INTRODUCTION & SUMMARY OF
ZECHARIAH & MALACHI
OVERVIEW OF ZECHARIAH
OVERVIEW OF MALACHI
Zechariah calls God’s people to return to Him (1:26) and promises the Spirit of God to encourage the weak and erring (4:6; 12:10). He lived 500 years before Christ, when the Persian King Darius ruled God’s people. God had punished the Jews 70 years for their sins. Now many were returning to their homeland to rebuild. The prophet exhorts them to continue immigrating, not to fear, and to live righteously.
The final book of the Old Testament is about the error of forgetting the love of God. When people forget God’s love, it affects their attitudes, home, and worship. With God's love and loyalty in doubt, sacred commitments no longer remain sacred. God sent Malachi to rouse the people from their spiritual stupor and to exhort them to return to the Living God.
BRANCH OF THE MESSIAH The Hebrew term translated as BRANCH (3:8; 6:12) here means “shoot” or “twig”. This is one title for the coming Messiah, the Branch who would “shoot” up from the royal stock of David, a dynasty that had been interrupted with the Babylonian exile (Is 11:1). Many of the prophets promised that a King from David's line would reign in righteousness (Jer. 23:5, 6) and as a priest would reestablished true worship of the Lord (6:12, 13). In His ministry, Jesus Christ fulfilled these predictions by taking on both a royal (see John 12;13-15; 1 Tim. 6:13-16) and a priestly role (see Heb 4:14).
But the book of Malachi reveals a people who question the reality of their sin and their faithfulness, a people hardened through and through. Thus the book ends on a poignant note, a confrontation between a disappointed God and a disappointed people. In a sense, the Book of Malachi shows that the Old Testament comes to a chasm, with the bickering voices of the people on one side and the stern warning of God on the other. Only the Lord Himself could provide a way out of this impasse. Malachi looks forward to this deliverance, for he speaks of the one who would prepare the way for the Messiah. The promised Messiah was the only One who could bridge the widening chasm between the people and their God.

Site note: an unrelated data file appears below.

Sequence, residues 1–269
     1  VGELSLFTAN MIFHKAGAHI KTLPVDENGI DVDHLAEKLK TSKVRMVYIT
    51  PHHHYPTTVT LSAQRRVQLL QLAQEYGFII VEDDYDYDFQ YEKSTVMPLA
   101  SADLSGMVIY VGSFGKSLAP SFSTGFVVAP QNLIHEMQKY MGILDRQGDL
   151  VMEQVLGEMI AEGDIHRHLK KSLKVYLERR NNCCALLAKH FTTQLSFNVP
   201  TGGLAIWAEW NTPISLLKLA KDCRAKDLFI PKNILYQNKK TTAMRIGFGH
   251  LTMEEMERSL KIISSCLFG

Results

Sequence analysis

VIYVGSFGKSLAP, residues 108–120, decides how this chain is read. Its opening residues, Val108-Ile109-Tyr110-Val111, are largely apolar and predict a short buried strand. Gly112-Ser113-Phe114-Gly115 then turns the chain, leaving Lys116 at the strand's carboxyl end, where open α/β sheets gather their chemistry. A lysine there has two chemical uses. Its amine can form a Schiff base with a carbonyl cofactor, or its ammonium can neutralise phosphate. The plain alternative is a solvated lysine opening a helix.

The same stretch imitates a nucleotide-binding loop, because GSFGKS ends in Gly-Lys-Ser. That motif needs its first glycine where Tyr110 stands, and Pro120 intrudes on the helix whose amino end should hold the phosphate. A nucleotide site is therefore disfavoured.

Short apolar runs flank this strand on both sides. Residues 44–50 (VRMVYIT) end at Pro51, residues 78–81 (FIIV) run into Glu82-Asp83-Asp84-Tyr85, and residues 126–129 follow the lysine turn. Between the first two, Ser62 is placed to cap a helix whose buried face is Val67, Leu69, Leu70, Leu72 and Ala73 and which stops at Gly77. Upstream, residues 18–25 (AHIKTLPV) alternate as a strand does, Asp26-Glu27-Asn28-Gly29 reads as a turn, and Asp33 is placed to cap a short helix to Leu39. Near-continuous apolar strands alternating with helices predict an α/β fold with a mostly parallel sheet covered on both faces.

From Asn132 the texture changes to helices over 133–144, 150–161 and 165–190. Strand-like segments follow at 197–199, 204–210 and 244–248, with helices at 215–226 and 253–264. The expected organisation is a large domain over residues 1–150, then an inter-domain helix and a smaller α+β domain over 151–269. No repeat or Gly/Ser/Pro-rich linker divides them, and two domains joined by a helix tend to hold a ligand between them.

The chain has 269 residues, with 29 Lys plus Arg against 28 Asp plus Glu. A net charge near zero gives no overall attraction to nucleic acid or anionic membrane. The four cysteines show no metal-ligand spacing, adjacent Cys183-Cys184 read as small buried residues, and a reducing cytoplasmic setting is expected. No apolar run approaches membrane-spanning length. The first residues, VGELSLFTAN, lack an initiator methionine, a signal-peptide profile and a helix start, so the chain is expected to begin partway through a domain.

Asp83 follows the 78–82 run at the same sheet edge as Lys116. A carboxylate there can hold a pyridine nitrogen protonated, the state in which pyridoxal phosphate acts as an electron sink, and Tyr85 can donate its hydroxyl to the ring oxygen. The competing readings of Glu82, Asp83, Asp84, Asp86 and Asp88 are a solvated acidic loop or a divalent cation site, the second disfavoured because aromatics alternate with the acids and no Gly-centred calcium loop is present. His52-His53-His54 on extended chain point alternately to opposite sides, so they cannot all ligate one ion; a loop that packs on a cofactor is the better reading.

VERSES CONCERNING THE MESSIAH KEY VERSE “See, your king comes to you, righteous and having salvation, gentle and riding on a donkey, on a colt, the foal of a donkey. He will proclaim peace to the nations. His rule will extend from sea to sea and from the River to the ends of the earth.” Zechariah 9:9-10
“See, I will send my messenger, who will prepare the way before me. Then suddenly the Lord you are seeking will come to his temple. . . the sun of righteousness will rise with healing in its wings; . . . He will sit as a refiner and purifier of silver; he will purify the Levites and refine them like gold and silver. Then the LORD will have men who will bring offerings in righteousness.” Malachi 3:1,3 4:2)
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What does this tell us about humanity?
Three basic questions form this section.
What do these books tell us about God? Both of these books give us a picture of God as the one wooing His people back to Him. Knowing the depravity of their hearts, God is setting the stage through these prophets for the coming of His Son, Jesus the Messiah.
We see in these books a people who in general question Godâ€™s love and grace. Though He has come through for them on countless occasions and forgiven them. They forget all that He has donw and promised that He would do.
How do we apply this to our lives? In the people of Israel, we see a picture of ourselves. We doubt Godâ€™s love and grace again and again. Even though He has come through on countless occasions, we still doubt that He is there and working in our lives. Most of the time it is because we have taken our lives back into our own hands and not acknowledged His sovereignty over our lives.
WHAT IS MY STORY? (THOUGHTS):
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